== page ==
Having clearly reached that “Get Off My Lawn!” stage of a 30+ year career in networking, over the next couple of months I’ve decided to share some unfiltered “insider” observations about how Cisco turned from its late 80’s IBM-killer roots, with its well-earned reputation as the liberator of enterprise businesses around the world, to, well, IBM redux. Even separated by 30 years the parallels are obvious, but here they are: “Massive company owns the global enterprise networking market; sells its customers identical undifferentiated, proprietary solutions (with baked-in obsolescence); charges ever-increasing and often tear-inducing fees for software and maintenance; leaves customers desperate for an alternative.”
In 1989-1990, Cisco, when it had about 100 or so employees, was that fresh alternative. Any customer/prospect technical question that came in was jumped on immediately, often to the chagrin of management, by multiple people in engineering and support offering opinions (competing at times) on exactly what action the customer should take, but it was all about listening to the customers and doing right by them – and it worked like a charm. This pervasive customer advocacy philosophy was critical to how Cisco persuaded large enterprises that firmly believed back in 1989 “you can never be fired for buying IBM” to, well, not buy from IBM anymore.
As Cisco grew meteorically, “a dollar a day increase in the stock price is all we ask” was a not uncommon hallway mantra, and we held at least three “annual” stock-split “parties” during my tenure. Add to this the fact that the man at the helm through most of Cisco’s run, John Chambers, came to the company from IBM sales where he was extremely well-schooled in the art of IBM-style account control, and it’s no wonder that even Cisco’s logo has evolved to an all-blue color scheme today.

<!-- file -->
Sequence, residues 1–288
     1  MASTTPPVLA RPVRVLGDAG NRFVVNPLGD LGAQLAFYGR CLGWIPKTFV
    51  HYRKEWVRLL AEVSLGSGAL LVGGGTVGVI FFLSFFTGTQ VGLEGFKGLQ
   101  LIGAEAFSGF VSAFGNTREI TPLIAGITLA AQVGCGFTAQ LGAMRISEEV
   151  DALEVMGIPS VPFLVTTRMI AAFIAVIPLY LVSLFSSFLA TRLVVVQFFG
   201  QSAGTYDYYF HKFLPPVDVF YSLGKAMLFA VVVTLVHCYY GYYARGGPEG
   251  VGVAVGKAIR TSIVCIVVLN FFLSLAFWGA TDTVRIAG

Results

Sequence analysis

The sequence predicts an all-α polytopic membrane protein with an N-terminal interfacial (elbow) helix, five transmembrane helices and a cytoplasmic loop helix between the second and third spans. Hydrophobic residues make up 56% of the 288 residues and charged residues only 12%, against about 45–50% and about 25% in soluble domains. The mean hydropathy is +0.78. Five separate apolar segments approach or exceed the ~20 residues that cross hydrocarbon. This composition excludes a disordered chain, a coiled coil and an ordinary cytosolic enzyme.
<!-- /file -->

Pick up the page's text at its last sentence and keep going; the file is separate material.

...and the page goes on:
Cisco’s hegemony in the enterprise campus networking market has, up until now, never faced a real existential threat, certainly not from the other legacy network infrastructure vendors like Juniper, Arista, HP/Aruba, or, going even further back in time, Wellfleet and 3COM. A customer contemplating a move from Cisco to any one of them is simply trading neck collars.
But, make no mistake, enterprise customers are well aware that buying into “solutions” like Cisco’s DNA Center will commit them to another decade of usury and servitude. (A later blog in this series will detail how Cisco embraces product complexity as a deliberate business lock-down strategy.) As a result, more and more Fortune 500s are actively looking for a Cisco escape path. As one proof point, I now have a growing number of LinkedIn connections at these companies whose primary job charter is to find and implement Cisco replacement alternatives across the board, including SD-WAN solutions, switching infrastructure, wireless infrastructure and so on.
So, who’s around to play the 1990 Cisco “spoiler” role in 2020? Broadly speaking, after a bit of a jerky start caused by overly ambitious SDN zealots, the answer lies in open networking, and, more specifically, the open networking enterprise company, Pica8.
For years now, Pica8 has been the only open networking vendor to focus exclusively on solutions for large enterprise campus and access networks. As one of the first 100 employees of both Cisco and Pica8, my days are now awash with déjà vu moments. I see the exact-same drive and responsiveness to solving enterprise-customer problems at Pica8 today that I once saw at Cisco 30 years ago. In ’89 IBM was telling its customer base that routers simply weren’t necessary, and Cisco basically has the same mantra about open networking when speaking to its current customers. (It does occasionally pay Wizard of Oz-like lip service to being “open” in public forums, of course.)
As we all know, Cisco did prove to be the existential threat for IBM’s then-dominant networking business, changing the enterprise networking landscape forever. Now open networking has a legitimate shot at doing the same. In a sense, Pica8 and open networking have an easier path forward than Cisco did because Pica8’s brownfield deployments into Cisco accounts today are fully interoperable with existing network infrastructure, which was not the case when Cisco tried to sell into IBM SNA accounts back in the day. If they so choose, customers can simply insert Pica8 software running on open switches from Pica8 partners like Dell EMC into the network of a single building, a floor of a building or an entire campus, knowing that it will all interoperate with the rest of their operational network.
Eventually, due to increasing customer pressure, IBM was forced to admit that routers should, indeed, be part of their networks, and that admission opened the floodgates to change. Time will tell if we see a repetition of this type of acknowledgement vis-à-vis open networking.